Ecological Archives A025-019-A1

Hannah B. Vander Zanden, Anton D. Tucker, Kristen M. Hart, Margaret M. Lamont, Ikuko Fujisaki, David S. Addison, Katherine L. Mansfield, Katrina F. Phillips, Michael B. Wunder, Gabriel J. Bowen, Mariela Pajuelo, Alan B. Bolten, and Karen A. Bjorndal. 2015. Determining origin in a migratory marine vertebrate: a novel method to integrate stable isotopes and satellite tracking. Ecological Applications 25:320335. http://dx.doi.org/10.1890/14-0581.1

Appendix A. Detailed description of sample preparation, satellite transmitter attachment and foraging area determination, as well as assignment methods.

Sample storage and preparation

The majority of the samples (36) were air-dried prior to storage, while two were frozen at -10°C, and 22 were stored in 70% ethanol prior to processing. Ethanol does not significantly alter the stable isotope values of loggerhead skin (Barrow et al. 2008), and therefore was not expected to alter the isotopic values of scute. The frozen samples were not stored in a frost-free freezer, as the process may affect the stable isotope values in sea turtle epidermis, but freezing has generally found to have little affect on stable isotope values in many other studies (Barrow et al. 2008).

The mean C:N ratio of 322 scute samples (this study and unpublished data) was 3.3, which is less than the 3.5 ratio suggested for lipid removal or mathematical correction (Post et al. 2007). Therefore, scute samples were not lipid extracted in this study. Because lipid extraction is unlikely to affect stable isotope values, we are confident that the samples in this study are comparable to other samples in other studies that have been lipid extracted.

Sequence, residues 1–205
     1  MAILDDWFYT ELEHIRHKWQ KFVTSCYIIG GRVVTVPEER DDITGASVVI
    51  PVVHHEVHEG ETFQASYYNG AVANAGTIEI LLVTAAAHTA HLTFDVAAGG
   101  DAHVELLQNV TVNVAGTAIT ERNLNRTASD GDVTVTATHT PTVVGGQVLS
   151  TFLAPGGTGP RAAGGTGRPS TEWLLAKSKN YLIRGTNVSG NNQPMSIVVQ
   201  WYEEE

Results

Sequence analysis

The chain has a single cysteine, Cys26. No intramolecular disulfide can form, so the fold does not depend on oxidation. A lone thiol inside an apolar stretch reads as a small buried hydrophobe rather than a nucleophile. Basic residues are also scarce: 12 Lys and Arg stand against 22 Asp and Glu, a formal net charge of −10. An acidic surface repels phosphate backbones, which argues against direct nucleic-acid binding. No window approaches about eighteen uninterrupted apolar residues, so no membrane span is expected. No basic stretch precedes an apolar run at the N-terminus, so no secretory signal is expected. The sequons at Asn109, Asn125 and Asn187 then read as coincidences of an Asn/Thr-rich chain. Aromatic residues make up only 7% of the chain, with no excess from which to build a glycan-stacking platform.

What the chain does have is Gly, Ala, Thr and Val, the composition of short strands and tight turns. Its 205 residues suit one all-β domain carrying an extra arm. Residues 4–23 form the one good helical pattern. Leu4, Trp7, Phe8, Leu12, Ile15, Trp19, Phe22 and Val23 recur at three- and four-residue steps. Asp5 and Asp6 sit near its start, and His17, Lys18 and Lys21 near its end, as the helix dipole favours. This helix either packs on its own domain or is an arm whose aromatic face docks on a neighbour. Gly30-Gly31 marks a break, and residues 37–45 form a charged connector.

Satellite transmitter attachment and foraging area determination

Satellite transmitters were attached to nesting females after oviposition. A portable wooden box was lowered around the female as she departed the nesting site, and satellite transmitters were attached after the scute sample was collected through the following steps: (1) the carapace was prepared by firm abrasion with sandpaper; (2) the attachment site was cleaned with ethanol or isopropyl alcohol followed by sterile water rinses and drying; (3) slow curing epoxy was applied to adhere the platform terminal transmitter to the carapace; and (4) anti-biofouling boat paint was applied over the epoxy in some cases. A typical attachment took 1-1.5 hr until the turtle was released.